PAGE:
I was five years and excited about my first real Halloween. The truth is, I'd been excited about it since I'd found the mask at Woolworth's Five and Dime, the day after my birthday, which would have been September 10th. I spent more than half of my birthday money on the mask, after agreeing to mother's stipulation that I would not wear it, or even take it out of the box until Halloween evening.
I remember the mask today as well as I remembered it Halloween evening, 1947. It was a pirate mask, made of latex. It had a hideous scar on the right cheek and a patch over the right eye (though there was a small, secret peep hole in the patch so I could see out).
Though I couldn't take the mask out of the box, I could, with prior permission, retrieve the box from under my grandparents bed, and show it to anyone who wanted to see it. It still amazes me to think how many people wanted to see it - dozens at least, and I never tired of showing it to them. By Halloween night, I knew every square centimeter of the mask.
The big night finally arrived. We sat down at the table, Mama and Daddy, Mother, and me. Daddy was somewhere in the south Pacific, but a post card from him that day said he was heading back to the states in two days and should be home before Thanksgiving. I was way too focused on Halloween and my mask to think much about Daddy, or anything beyond the evening's revelry.
I looked at Daddy King, and he looked at the kitchen window, where he could see the setting sun, "Just a few more minutes, Pistol," he said.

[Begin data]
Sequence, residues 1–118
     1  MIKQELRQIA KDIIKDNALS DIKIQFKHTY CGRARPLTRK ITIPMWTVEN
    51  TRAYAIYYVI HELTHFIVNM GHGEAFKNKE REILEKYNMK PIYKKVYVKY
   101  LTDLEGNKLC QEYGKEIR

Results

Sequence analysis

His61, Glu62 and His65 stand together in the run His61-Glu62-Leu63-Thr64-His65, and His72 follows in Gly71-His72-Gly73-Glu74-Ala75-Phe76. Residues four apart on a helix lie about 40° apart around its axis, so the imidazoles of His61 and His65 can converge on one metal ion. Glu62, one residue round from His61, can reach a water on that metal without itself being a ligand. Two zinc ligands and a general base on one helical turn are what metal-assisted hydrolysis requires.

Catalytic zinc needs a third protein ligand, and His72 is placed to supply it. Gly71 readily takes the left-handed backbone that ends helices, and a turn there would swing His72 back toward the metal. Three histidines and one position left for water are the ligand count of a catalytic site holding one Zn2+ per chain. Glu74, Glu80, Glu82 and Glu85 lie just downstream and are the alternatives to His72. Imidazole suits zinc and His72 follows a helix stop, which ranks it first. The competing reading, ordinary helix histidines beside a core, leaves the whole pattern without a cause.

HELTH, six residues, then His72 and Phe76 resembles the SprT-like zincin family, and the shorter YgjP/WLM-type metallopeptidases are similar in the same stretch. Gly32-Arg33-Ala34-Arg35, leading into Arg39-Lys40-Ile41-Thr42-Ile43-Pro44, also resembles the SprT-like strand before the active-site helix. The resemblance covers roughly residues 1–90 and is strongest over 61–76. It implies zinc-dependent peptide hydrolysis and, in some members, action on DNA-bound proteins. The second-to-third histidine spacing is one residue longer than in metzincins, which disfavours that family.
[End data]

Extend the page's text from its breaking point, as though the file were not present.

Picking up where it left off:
I breezed through the rest of the food on my plate and looked at him again.
Once again he looked out the window, then said, "It's not quite time, but almost."
Mama King served desert and gave me a fresh glass of milk. The grown ups drank coffee, and I gobbled my banana pudding, washed it down with the milk, and looked at Daddy King.
He didn't even look toward the window. He just smiled and said, "It's time."
I jumped out of my chair, said the things I'd been taught to say, "I enjoyed my supper. May I be excused," and without waiting for an acknowledgement ran for the mask.
It was dark in the bedroom, but I didn't need a light. In a few seconds, I'd ripped the mask out of the box, put it on, and in the dark, felt my way around my grandparent's bed to my grandmother's dressing table. I pulled the stool out and carefully put one knee on it, then lifted myself up until I was balanced on both knees looking into the dark mirror.
At that moment, Daddy King turned on the bedroom light, and I saw my reflection in the mirror. I screamed and fell over backwards onto the bed. I was taking a deep breath, getting ready to scream again when Daddy King scooped me up.
"Easy, Pistol. You're OK. It just your mask. Remember?"
I raised my hand, touched the latex mask, and giggled. "I forgot," I said.
Daddy King laughed softly and then said, "It's easy to do, Pistol. It's easy to do."
That sixty-five year old story from my past is also your story. In fact, it's everyone's story. We all wear masks. Most of us have more than one. We've been wearing them so long we've forgotten they are masks. They aren't made of latex but rather of our beliefs, our fears, our hopes, dreams, and expectations. We made our masks to let people know what they could expect of us, or, to put it another way, we made our mask to be a symbol of who we believe ourselves to be. Now, we've worn them so long we've forgotten they are there, why they are there, and how to talk them off. As a matter of fact, most people never take their mask off. Unlike my Halloween mask, we have to take ours off to see it.
If you manage to see your mask for what it is, don't scream. Instead remember what Daddy King told me, "You're OK. It's just a mask."
The Mask was Number 11 in the Norman Rockwell inspired blog series. I'll post number 12 tomorrow. I call it Tattoo Artist - here's the illustration: